This is the first in a 3-part blog series exploring the world of quantum technologies and its impact on semiconductor packaging.
With the rapid advance of digitization, the world is becoming more and more dependent upon the secure communication of data. With autonomously controlled cars, and even jet fighters, not to mention remote robotic surgery in the distant future, dependable and secure takes on an even higher order of magnitude. Currently this happens through classical encryption protocols, which essentially create very difficult to resolve prime numbers—analogous to a numerical padlock protecting data as it travels through the Internet.
Figure 1 - Classic Asymmetric Data Encryption
Figure 1 illustrates the mechanics of how we currently protect electronically communicated data; it is locked in a box with one key (public key) and opened by the intended recipient with another key (private key). The design is such that determining the private key is extremely difficult, even with a corresponding known public key. When we say difficult, we mean potentially taking thousands of years to resolve—even on the most advanced computer.
That having been said, we do not live in a static world.
- What if processing speeds markedly advanced?
- What if someone were to invent a computer that has 100 million times more processing power than our most advanced machine?
With such a breakthrough, all these keys, all these prime numbers could be hacked in seconds, perhaps milliseconds. With data controlling so many things, from utilities to vital parts of our transport infrastructure, to national defense, hacking could unleash death and disaster. Unfortunately, even conservative estimates reckon such processing power will be achieved by 2030, thanks to advances in quantum computing. As a result, protecting our security takes a high priority now.
Fortunately, where quantum technologies represent such a threat on the one front, they provide a solution on the other. Quantum key distribution takes advantage of the laws of quantum physics to create unbreakable encryption. What we mean by this is that anyone who attempts to hack the encryption key is immediately detected—thus the data cannot be transmitted. Without going into detail, the beauty of the technology is that the laws of nature make it impossible to circumvent, however advanced the computing power.
As to what defines the technology as “quantum”, it is the use of single photon detectors, detectors and transmission over dedicated quantum fibers. Single photons possess certain properties that inviolably change if anyone intercepts them. This property guarantees the encryption. Given these amazing characteristics, it might be a surprise the reader to learn that less than ten discrete components can make this device. Indeed, the technical basics are so straightforward that for $3,500 you can buy your very own quantum key distribution (QKD) kit. It is very much larger than a real device and uses line-of-sight rather than fiber for transmission and reception.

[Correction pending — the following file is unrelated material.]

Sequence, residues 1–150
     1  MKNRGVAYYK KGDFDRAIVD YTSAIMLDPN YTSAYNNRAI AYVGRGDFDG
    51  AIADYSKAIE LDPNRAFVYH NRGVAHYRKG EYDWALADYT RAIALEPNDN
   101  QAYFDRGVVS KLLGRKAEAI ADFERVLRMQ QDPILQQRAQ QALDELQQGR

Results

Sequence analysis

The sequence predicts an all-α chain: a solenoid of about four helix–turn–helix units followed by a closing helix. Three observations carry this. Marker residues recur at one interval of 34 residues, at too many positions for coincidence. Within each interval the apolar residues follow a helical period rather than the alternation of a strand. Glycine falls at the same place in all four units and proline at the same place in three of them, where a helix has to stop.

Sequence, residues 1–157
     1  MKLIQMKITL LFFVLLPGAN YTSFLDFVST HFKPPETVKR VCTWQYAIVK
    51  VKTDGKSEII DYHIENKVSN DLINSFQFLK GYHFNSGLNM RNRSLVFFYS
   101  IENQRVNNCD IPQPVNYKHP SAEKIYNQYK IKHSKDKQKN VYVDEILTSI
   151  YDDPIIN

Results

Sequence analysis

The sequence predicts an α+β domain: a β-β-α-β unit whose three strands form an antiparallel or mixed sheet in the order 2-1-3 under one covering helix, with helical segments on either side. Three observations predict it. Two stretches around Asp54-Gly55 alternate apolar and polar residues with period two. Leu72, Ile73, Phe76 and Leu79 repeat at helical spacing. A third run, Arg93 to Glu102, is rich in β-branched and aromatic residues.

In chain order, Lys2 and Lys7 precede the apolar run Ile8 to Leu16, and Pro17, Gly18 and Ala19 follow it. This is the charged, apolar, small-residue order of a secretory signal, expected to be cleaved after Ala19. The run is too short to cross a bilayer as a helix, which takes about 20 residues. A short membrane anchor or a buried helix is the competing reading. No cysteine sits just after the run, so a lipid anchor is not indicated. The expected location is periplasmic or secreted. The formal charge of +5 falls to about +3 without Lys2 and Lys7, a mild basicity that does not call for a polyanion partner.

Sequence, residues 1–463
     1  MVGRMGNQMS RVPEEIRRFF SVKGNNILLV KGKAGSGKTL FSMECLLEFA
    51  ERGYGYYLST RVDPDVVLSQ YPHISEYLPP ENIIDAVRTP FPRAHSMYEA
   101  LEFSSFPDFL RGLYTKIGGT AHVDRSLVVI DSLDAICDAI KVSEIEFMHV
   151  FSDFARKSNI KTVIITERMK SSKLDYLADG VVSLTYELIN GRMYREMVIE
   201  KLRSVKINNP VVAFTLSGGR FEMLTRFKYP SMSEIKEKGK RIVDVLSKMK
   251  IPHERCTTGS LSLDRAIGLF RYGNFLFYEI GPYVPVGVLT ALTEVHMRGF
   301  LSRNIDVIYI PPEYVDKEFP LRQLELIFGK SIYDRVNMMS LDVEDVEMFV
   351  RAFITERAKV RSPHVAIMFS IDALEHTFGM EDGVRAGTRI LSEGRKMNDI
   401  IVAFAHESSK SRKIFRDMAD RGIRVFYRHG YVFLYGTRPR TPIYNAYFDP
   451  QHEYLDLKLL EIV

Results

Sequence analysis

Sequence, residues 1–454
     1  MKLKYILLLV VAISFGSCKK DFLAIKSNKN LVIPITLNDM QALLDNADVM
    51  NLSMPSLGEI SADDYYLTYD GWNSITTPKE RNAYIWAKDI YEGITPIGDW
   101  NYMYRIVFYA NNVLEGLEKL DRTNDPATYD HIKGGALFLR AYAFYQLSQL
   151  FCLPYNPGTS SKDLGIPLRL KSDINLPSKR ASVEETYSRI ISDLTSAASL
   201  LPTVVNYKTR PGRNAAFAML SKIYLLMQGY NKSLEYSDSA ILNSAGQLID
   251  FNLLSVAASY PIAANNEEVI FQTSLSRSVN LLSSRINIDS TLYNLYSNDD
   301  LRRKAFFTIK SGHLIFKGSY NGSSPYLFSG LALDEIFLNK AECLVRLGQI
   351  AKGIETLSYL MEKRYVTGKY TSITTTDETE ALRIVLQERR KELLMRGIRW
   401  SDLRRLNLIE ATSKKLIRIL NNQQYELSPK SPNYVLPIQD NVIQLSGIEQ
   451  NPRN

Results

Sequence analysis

As for packaging a real device—then scaling it up for commercial production—the components may be few, but the challenges come as an admixture of good and bad news. The good news is that since they are photonic devices, construction is very similar to high-end optical transceivers. Equally helpful is that there other important technical crossovers with data and telecoms. Most especially this is true in regards to silicon photonics and pursuit of homogenous integration. The speed and energy, by which advances have been made in silicon photonics over the past five years, could not be more advantageous, nor better timed for the advent of quantum key technology.
The bad news is that there are some very difficult nuts yet to crack, if the journey to mass scale commercialization is to be achieved in a timely manner, but there is an unseen benefit. The urgency of the need disproportionally benefits institutes, universities and SMEs working in, or supporting the proof-of-concept, prototyping, development, and all that lies ahead on the road to volume manufacturing. It is a simple fact that QKD technology cannot be put off for the day of easy solutions. Need and China’s substantial lead in the technology has led other governments to adopt aggressive and ambitious support programs. Despite the challenges of COVID, 2020 witnessed a number of well-funded five-year programs worth tens of billions of dollars. Unsurprisingly countries with strong cluster photonics sectors, such as the UK, the Netherlands and Singapore, have taken the lead: or those with strong space sectors such as the US. Thus, India with its successful space program is adapting laterally to drive forward QKD technologies with itself and others.
Table 2 - Per Capita Public Investment in Quantum Technologies (Current Spending Round)
With a long history in advanced microelectronic packaging, and Innovation Centers in Singapore and Carlsbad, CA, USA along with its Demonstration Lab in South West England, Palomar Technologies finds itself positioned among two of the most globally important clusters driving QKD and other quantum devices. As can be seen in the Table 2, Palomar is also positioned in countries benefiting from the highest levels of per capita investment in this sector. In most Western countries, the investment is specifically designed to bring a synergy between universities, multinationals and SMEs to serve future quantum development. Each participant brings a specialism that benefits the whole, proving the cluster to be greater than the sum of its parts.
In our second blog, we will present aspects of this kind of synergy through Palomar’s work with Dr. Andrew Robertson and Bay Photonics at Palomar’s demonstration laboratory located in the EPIC Center in Paignton, England.
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Dr. Anthony O'Sullivan
Strategic Market Research Specialist